Great act­ing de­voted to Harold

Do­minic Cavendish goes to see Pin­ter Three and Pin­ter Four at the Harold Pin­ter The­atre, Lon­don

The Sunday Telegraph - - Arts -

Ev­ery­where you look at the Harold Pin­ter The­atre, there are pho­tos of the great man, in vary­ing at­ti­tudes of im­pos­ing se­ri­ous­ness. The dis­con­cert­ing im­pres­sion is of be­ing in­side a mau­soleum – and a fur­ther, al­lied im­pres­sion is of the suf­fo­cat­ing po­ten­tial of all that pres­tige. It’s as if the build­ing is reaf­firm­ing the rep­u­ta­tional pressure un­der which Pin­ter sweated.

Jamie Lloyd’s ex­haus­tive sea­son of Pin­ter’s short works is prov­ing ever more fas­ci­nat­ing. In­creas­ingly, it’s as though you’re be­ing ush­ered in­side the many-roomed man­sion of Pin­ter’s mind – it’s all one big opus. The mood might be throw­away comic or pro­tract­edly dark, the writ­ing pin-sharp or off-key, yet the over­hang­ing light-bulb of flick­er­ing doubt is a con­stant: the world out­side is un­re­li­able, and the world within equally so. Grop­ing for words, Pin­ter turned cre­ative iso­la­tion into ex­is­ten­tial state­ment.

Around the time of Land­scape (first staged in 1969), which launches Pin­ter Three, he said: “I found some 1950 po­ems of mine re­cently; I was astonished by the free­dom I had, the en­ergy… I can’t write that way any­more. I’m 37 now. I feel as if I’m 80.” Yet that sense of de­crepi­tude, difficulty and dis­con­nec­tion from one’s younger self im­bues this eerie two-han­der with a nerve-jan­gling vi­tal­ity.

In a coun­try house kitchen, sit­ting in a state of dreamy self-pos­ses­sion, Tamsin Greig plays a woman (Beth) cast­ing her mind back to a hot sum­mer’s day on the sand dunes when she asked the man ly­ing at her side whether he would like a baby. Lloyd has Greig talk into a mi­cro­phone, while near at hand Keith Allen’s gruff, cock­ney Duff (pos­si­bly that man) re­counts ba­nal­i­ties, makes half-over­tures and boils with ex­as­per­a­tion on a lonely hob. It’s as if, with­out mov­ing, they’re locked in a chase – coars­ened, abu­sive mas­culin­ity in pur­suit of a fe­male quarry who moves ever fur­ther into an other-worldly in­te­rior.

Greig is very fine here but ex­cep­tion­ally so in the re­vival that con­cludes the evening. In A Kind of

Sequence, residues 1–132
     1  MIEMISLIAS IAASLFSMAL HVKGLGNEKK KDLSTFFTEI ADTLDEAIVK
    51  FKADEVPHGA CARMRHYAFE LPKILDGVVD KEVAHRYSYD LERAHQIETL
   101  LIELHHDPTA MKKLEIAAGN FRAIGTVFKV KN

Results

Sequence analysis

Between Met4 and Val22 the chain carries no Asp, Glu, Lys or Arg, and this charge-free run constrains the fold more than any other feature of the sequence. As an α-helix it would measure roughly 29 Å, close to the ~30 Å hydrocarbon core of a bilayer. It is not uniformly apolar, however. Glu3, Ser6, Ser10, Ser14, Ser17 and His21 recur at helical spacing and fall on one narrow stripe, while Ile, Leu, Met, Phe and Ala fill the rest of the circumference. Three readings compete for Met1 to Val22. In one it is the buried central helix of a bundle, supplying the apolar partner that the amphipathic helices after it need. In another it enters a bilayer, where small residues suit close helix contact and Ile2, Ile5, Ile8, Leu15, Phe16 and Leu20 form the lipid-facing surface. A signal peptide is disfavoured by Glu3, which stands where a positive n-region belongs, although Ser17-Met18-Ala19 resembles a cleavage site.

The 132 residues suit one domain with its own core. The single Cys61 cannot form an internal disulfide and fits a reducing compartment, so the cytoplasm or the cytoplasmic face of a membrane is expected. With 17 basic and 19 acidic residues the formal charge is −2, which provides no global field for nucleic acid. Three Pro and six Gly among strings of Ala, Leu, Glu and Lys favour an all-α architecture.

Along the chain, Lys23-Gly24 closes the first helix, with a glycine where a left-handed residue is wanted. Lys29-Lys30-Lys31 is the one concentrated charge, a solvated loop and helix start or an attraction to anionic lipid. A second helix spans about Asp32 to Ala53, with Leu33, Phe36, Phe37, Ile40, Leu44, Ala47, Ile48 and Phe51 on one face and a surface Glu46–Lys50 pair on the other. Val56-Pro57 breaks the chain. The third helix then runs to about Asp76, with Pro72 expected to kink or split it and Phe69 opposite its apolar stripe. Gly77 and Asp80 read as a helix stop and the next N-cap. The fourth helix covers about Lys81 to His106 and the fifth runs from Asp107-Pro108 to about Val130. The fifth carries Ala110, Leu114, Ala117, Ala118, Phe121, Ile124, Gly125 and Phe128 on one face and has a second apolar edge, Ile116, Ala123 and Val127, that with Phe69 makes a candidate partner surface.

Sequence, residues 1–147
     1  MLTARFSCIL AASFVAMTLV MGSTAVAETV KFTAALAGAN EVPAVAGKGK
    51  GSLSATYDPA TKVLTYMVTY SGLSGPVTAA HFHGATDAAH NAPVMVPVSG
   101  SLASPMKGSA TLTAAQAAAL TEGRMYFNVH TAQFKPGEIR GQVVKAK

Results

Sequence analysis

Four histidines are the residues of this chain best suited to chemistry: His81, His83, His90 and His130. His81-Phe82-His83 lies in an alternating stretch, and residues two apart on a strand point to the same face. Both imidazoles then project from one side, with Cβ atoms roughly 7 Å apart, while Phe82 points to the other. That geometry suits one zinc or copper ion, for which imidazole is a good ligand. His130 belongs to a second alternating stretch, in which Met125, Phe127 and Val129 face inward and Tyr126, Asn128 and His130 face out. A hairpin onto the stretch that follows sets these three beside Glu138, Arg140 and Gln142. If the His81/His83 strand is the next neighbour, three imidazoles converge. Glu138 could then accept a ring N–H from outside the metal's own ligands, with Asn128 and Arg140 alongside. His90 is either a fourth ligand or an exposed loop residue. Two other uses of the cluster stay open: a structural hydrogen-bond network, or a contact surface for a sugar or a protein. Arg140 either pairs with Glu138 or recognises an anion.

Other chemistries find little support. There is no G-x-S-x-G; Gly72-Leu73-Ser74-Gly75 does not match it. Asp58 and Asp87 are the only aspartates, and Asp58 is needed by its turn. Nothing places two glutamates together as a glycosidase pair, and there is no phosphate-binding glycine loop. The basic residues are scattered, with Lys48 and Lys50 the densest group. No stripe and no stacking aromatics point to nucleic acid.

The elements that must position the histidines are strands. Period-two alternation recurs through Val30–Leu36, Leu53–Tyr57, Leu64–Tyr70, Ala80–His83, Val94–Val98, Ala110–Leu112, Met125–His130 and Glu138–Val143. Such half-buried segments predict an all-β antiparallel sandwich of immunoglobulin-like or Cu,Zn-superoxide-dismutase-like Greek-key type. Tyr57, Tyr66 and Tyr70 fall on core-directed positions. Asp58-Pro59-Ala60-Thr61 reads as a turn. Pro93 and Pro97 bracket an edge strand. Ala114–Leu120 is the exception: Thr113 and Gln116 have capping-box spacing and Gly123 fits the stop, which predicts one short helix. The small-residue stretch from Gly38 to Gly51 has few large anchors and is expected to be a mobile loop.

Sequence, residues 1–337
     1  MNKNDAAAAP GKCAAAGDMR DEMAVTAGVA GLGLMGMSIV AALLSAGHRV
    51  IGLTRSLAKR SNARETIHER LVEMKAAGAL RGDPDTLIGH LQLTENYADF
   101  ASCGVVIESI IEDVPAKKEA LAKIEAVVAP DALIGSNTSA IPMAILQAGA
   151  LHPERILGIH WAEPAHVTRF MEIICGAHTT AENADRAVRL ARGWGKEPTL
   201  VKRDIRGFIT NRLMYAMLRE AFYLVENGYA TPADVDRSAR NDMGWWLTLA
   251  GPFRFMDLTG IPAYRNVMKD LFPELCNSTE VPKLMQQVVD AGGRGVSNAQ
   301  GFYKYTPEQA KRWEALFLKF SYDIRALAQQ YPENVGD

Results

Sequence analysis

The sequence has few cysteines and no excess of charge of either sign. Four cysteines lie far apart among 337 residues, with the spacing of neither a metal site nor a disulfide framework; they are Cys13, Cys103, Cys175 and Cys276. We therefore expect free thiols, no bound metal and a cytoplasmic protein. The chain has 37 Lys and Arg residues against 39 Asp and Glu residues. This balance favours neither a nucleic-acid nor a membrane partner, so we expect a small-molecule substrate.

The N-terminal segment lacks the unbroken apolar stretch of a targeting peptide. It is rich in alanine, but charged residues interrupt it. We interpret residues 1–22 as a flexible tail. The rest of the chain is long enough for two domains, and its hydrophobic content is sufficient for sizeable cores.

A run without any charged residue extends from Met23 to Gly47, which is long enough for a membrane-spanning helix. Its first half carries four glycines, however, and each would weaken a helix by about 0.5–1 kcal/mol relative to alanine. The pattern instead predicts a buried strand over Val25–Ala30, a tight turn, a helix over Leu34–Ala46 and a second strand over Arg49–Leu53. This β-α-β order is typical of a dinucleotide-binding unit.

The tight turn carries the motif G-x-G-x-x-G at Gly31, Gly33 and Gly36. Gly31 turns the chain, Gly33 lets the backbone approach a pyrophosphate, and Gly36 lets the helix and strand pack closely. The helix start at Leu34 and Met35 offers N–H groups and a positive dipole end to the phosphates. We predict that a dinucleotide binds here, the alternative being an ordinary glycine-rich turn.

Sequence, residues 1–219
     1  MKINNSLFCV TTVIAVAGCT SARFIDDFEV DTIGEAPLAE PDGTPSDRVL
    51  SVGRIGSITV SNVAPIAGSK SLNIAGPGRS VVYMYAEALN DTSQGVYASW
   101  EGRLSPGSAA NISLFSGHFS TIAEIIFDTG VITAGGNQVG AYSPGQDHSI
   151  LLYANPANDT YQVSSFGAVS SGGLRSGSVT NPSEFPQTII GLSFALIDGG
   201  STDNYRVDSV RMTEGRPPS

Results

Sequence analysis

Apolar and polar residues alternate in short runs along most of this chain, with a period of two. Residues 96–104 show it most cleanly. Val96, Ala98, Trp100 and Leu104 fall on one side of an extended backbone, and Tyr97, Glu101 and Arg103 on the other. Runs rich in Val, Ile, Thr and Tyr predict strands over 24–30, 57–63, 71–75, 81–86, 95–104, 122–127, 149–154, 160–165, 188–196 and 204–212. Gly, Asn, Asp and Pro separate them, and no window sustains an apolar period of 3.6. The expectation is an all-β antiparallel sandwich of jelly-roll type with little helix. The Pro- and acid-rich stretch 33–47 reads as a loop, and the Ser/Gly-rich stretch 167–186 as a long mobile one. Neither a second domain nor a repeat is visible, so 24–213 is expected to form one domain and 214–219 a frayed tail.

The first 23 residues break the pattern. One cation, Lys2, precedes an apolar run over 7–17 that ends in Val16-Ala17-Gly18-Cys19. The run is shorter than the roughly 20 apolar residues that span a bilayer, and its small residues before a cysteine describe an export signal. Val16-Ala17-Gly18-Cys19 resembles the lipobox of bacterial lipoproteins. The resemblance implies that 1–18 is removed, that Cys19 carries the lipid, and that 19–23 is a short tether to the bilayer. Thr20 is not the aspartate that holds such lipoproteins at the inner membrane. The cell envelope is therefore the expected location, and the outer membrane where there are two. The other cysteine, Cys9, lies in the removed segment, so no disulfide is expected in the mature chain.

Alaska (1982) she takes the role of Deborah, who wakes from decades of near-par­a­lytic slumber, no longer a girl but cling­ing to that evap­o­rat­ing girl­hood iden­tity as the re­al­ity dawns. The play was drawn from Oliver Sacks’s 1973 book Awak­en­ings, with its case-stud­ies of pa­tients brought out of the psy­chophys­i­cal hi­ber­na­tion caused by a sleep­ing-sick­ness epi­demic thanks to the drug L-DOPA.

Sit­ting up in bed, Greig is a turn­ing kalei­do­scope of child­like won­der, droll dis­in­hi­bi­tion and scrab­bling panic, watched (with a touch too much clin­i­cal de­tach­ment) by Allen’s doc­tor, with Meera Syal all tacit agony as her sis­ter. “It’s a vast se­ries of halls,” Greig’s revenant ex­plains.

“With enor­mous in­te­rior win­dows mas­querad­ing as walls. The win­dows are mir­rors, you see. And so glass re­flects glass. For ever and ever.” In that ter­ri­fy­ing vi­gnette, you glimpse not just a sin­gu­lar state of mind but a de­scrip­tion of con­scious­ness.

Lee Evans be­stows his hi­lar­i­ous gifts for simian pos­tur­ing, quick gurns and blank looks on a flurry of en­joy­able skits and a haunting piece,

Mono­logue, in which a soli­tary male ad­dresses mock-jaunty re­marks at an empty chair stand­ing in for an ab­sent other, ap­par­ently an old friend-cum-sex­ual ri­val. “I keep busy in the mind, and that’s why I’m still spark­ing,” he jeers, ’twixt ar­ro­gant brag and to­tal break­down.

Pin­ter Four is the weaker of the mixed-bills this month. It con­sists of a re­vival of that pe­cu­liar quasi-deathbed reverie Moon­light (1993) di­rected by Lyn­d­sey Turner, which fea­tures di­a­logue so self-con­scious it al­most sounds like pas­tiche and a cryptic as­pect even the Bletch­ley Park code­break­ers would have been pushed to crack. The Ed Stam­bol­louian-di­rected Night School (1979), about a young fraud­ster newly re­leased from prison, who fix­ates on the young woman who has taken over his bed­room at the in­vi­ta­tion of his aunts, is barely less puz­zling. But it’s equally well served by the ac­tors.

My, how our Bri­tish ac­tors love Pin­ter. That de­vo­tion is some­thing wholly stir­ring and in­spir­ing to wit­ness.

Un­til Dec 8. Tick­ets; 0844 871 7622; pin­ter­atthep­in­

Pin­ter won­der­land: Meera Syal, above, and Lee Evans, be­low, in Pin­ter Three

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